Heard on the Street – 3/14/2024

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Welcome to insideBIGDATA’s “Heard on the Street” round-up column! In this regular feature, we highlight thought-leadership commentaries from members of the big data ecosystem. Each edition covers the trends of the day with compelling perspectives that can provide important insights to give you a competitive advantage in the marketplace. We invite submissions with a focus on our favored technology topics areas: big data, data science, machine learning, AI and deep learning. Click HERE to check out previous “Heard on the Street” round-ups.

Don’t blame the AI. Blame the data. Commentary by Brendan Grady, General Manager, Analytics Business Unit at Qlik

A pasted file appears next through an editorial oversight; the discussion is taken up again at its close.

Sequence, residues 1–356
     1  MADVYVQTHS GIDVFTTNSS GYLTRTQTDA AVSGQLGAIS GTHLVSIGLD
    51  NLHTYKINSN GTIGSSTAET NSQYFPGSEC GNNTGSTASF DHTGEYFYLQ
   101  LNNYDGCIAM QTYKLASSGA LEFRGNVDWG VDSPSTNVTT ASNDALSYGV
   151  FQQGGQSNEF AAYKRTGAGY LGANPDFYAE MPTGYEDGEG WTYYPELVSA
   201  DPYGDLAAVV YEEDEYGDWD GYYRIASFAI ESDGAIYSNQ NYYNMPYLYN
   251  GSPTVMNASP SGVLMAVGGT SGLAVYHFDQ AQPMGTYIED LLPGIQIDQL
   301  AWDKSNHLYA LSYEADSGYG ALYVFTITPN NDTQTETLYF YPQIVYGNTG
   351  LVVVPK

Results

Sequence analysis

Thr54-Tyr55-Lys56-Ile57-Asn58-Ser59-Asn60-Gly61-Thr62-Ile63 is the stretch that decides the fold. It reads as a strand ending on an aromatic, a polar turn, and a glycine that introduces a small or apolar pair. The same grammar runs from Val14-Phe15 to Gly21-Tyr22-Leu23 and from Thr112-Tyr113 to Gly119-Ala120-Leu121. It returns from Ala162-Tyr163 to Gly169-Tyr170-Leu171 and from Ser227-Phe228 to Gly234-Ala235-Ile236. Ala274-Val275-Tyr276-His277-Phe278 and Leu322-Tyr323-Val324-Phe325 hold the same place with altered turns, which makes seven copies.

“Recent headlines show that some organizations are questioning their investments in generative AI. This is partially due to a lack of accuracy and low initial ROI. Policy issues and responsible use pressures are causing businesses to pump the brakes even harder. While it is wise to review and iterate your generative AI strategy and the mode or timing of implementation, I would caution organizations not to completely come to a full stop on generative AI. If you do, you risk falling behind in a race to AI value that you simply will not be able to overcome.